The Edo Period (1603-1867), saw in influx of visitors to Beppu from all over the country. They frequented the city to stay at the popular hot springs to relax and enjoy the many healing benefits of the natural waters rich with minerals. These visitors needed bamboo mesh baskets for preparing food as well as for storing their rice which the local craftsmen made. The simple craft that was derived from necessity soon became a local craft industry.
Sagano Bamboo Forest. | Alex Chen
The bamboo used for Beppu handicrafts is mandake bamboo that principally grows in Ōita. This type of bamboo is perfect for basket making. Other varieties of bamboo such as gomadake, henon and black bamboo are also used.
There are eight fundamental techniques used in the creation of the vast range of bamboo goods from Beppu. The bamboo craft of Beppu remains to be a popular souvenir and an important local craft up until today.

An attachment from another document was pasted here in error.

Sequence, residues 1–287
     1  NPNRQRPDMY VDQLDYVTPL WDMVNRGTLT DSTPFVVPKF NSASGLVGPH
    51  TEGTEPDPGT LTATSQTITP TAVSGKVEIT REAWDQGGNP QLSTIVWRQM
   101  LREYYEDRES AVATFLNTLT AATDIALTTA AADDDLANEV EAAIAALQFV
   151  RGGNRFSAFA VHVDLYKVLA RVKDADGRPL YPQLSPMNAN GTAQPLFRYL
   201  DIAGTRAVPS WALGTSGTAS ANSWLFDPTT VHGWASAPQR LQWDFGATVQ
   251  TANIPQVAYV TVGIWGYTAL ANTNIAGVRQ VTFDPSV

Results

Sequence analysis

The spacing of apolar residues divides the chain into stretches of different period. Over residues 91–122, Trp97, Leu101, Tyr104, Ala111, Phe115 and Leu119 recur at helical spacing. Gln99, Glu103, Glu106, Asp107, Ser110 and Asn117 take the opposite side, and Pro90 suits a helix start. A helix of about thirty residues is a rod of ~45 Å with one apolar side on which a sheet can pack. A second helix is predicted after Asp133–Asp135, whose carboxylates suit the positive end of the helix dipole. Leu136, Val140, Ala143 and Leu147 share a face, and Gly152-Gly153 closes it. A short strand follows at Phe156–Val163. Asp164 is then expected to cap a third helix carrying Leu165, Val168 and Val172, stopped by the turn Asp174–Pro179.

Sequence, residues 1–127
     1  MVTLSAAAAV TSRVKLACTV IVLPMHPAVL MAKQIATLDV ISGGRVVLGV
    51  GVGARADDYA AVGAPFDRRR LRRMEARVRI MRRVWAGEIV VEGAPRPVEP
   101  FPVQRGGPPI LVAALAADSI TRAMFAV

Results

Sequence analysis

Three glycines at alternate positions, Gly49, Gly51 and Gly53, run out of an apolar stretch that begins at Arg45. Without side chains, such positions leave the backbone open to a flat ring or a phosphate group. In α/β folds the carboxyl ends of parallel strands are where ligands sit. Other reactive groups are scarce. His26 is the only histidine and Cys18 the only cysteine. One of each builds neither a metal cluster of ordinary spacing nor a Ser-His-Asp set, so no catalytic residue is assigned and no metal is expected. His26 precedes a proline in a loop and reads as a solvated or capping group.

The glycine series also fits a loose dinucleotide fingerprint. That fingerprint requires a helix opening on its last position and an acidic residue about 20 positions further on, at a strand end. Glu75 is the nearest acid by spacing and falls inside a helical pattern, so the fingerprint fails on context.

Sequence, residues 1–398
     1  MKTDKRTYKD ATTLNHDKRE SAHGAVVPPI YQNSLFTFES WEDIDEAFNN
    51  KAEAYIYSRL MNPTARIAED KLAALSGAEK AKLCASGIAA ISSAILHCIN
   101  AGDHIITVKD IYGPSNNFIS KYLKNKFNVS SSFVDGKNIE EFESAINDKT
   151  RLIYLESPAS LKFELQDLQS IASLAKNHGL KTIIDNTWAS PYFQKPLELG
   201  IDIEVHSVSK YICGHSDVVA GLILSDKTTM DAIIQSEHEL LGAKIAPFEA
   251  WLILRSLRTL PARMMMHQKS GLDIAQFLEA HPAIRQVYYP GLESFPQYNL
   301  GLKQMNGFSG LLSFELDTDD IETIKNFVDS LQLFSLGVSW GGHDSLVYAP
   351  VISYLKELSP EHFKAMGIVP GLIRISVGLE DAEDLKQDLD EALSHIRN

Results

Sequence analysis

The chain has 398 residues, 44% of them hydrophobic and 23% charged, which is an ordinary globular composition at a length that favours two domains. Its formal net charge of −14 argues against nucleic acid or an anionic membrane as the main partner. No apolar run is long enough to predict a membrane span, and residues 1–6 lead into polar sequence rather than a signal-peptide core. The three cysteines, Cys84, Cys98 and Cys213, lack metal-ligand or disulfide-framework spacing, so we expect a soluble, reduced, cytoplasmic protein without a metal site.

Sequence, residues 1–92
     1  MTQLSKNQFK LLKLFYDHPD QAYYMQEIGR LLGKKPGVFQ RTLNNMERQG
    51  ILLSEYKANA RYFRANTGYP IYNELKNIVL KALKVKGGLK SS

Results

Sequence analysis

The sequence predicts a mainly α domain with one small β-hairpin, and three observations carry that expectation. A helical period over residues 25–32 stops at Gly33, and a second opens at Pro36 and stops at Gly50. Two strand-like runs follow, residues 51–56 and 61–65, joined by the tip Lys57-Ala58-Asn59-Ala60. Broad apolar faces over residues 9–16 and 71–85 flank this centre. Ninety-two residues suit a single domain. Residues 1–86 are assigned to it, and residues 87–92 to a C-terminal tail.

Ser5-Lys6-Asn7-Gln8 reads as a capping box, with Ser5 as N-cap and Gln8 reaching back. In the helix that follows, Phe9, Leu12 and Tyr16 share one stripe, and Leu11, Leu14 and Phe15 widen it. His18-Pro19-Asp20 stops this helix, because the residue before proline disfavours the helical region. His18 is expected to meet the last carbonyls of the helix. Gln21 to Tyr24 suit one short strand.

Japanese bamboo baskets. |cava_cavien
Tokyo is the bustling capital of Japan. It embodies the rich history, culture, and traditions and the awe inspiring progress of Japan and its people throughout the centuries. If you’re only there for a short visit or when you are trying to squeeze in some relaxation in your busy schedule and Tokyo is your only destination, here are a few must see things to do, see and try on your visit:
Tokyo cityscape. | KCP Flickr
Meiji Jingu Shrine, Shibuya